Reference : Dominant amphipods of Posidonia oceanica seagrass meadows display considerable trophi...
Scientific journals : Article
Life sciences : Zoology
Life sciences : Environmental sciences & ecology
Life sciences : Aquatic sciences & oceanology
http://hdl.handle.net/2268/169617
Dominant amphipods of Posidonia oceanica seagrass meadows display considerable trophic diversity
English
Michel, Loïc mailto [Université de Liège - ULg > Département de Biologie, Ecologie et Evolution > Océanologie >]
Dauby, Patrick mailto [Université de Liège - ULg > Département de Biologie, Ecologie et Evolution > Systématique et diversité animale >]
Gobert, Sylvie mailto [Université de Liège - ULg > Département de Biologie, Ecologie et Evolution > Océanologie >]
Graeve, Martin [Alfred Wegener Institute Helmholtz Centre for Polar and Maritime Research, Bremerhaven, Germany > Marine Chemistry division > > > >]
Nyssen, Fabienne [Université de Liège - ULg > Département de Biologie, Ecologie & Evolution > Systématique et Diversité animale > >]
Thelen, Nicolas mailto [Université de Liège - ULg > Département des sciences de la vie > GIGA-R : Biologie cellulaire >]
Lepoint, Gilles mailto [Université de Liège - ULg > Département de Biologie, Ecologie et Evolution > Océanologie >]
Dec-2015
Marine Ecology
Blackwell Publishing
36
4
969-981
Yes (verified by ORBi)
International
0173-9565
[en] Seagrass ; Mesograzers ; Epiphytes ; Stable isotopes ; Fatty acids ; SIAR
[en] Gut content examination and trophic markers (fatty acids, stables isotopes of C and N) were combined to delineate the diet of the dominant species of amphipods from Mediterranean Posidonia oceanica seagrass meadows and to highlight trophic diversity among this community. Our results indicate that, although all dominant species heavily relied on macroalgal epiphytes, considerable interspecific dietary differences existed. Carbon stable isotope ratios notably showed that some of the amphipod species favored grazing on epiphytes from leaves or litter fragments (Apherusa chiereghinii, Aora spinicornis, Gammarus aequicauda), while others like Dexamine spiniventris preferred epiphytes from rhizomes. The remaining amphipods (Caprella acanthifera, Ampithoe helleri and Gammarella fucicola) readily consumed both groups. In addition, SIAR modeling suggested that most species had a mixed diet, and relied on several food items. Fatty acid analysis and gut contents revealed that contribution of microepiphytic diatoms and of benthic and suspended particulate organic matter to the diet of amphipods were anecdotal. None of the examined species seemed to graze on their seagrass host (low 18:2(n-6) and 18:3(n-3) fatty acids contents), but G. aequicauda partly relied on seagrass leaf detritus, as demonstrated by the lesser 13C-depletion of their tissues. Overall, our findings suggest that amphipods, because of their importance in transfers of organic matter from primary producers and detritus to higher rank consumers, are key-items in P. oceanica associated food webs.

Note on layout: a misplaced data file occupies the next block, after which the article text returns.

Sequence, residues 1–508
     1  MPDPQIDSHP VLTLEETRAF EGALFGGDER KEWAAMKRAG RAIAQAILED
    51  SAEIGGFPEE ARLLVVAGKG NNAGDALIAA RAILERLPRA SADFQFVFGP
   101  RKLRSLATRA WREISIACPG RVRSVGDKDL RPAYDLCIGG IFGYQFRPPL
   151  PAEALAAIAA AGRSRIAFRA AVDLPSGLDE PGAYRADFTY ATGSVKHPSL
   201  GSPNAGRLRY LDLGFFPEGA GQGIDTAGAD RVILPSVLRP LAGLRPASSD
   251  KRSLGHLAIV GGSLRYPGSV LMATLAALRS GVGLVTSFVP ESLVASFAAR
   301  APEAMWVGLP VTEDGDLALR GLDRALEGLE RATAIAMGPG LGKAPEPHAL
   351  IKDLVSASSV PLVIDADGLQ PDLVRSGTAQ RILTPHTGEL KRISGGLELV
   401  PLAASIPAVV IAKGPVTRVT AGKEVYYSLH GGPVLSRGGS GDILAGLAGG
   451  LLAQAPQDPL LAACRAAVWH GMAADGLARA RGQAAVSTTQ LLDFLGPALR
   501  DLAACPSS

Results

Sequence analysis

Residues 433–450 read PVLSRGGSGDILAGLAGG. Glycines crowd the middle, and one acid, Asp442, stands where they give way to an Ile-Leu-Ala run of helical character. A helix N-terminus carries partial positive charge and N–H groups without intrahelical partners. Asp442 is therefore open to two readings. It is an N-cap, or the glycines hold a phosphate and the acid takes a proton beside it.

Centre Interfacultaire de Recherches en Océanologie - MARE
Fonds de la Recherche Scientifique (Communauté française de Belgique) - F.R.S.-FNRS ; Fonds pour la formation à la Recherche dans l'Industrie et dans l'Agriculture (Communauté française de Belgique) - FRIA
Researchers ; Professionals ; Students
http://hdl.handle.net/2268/169617
10.1111/maec.12194

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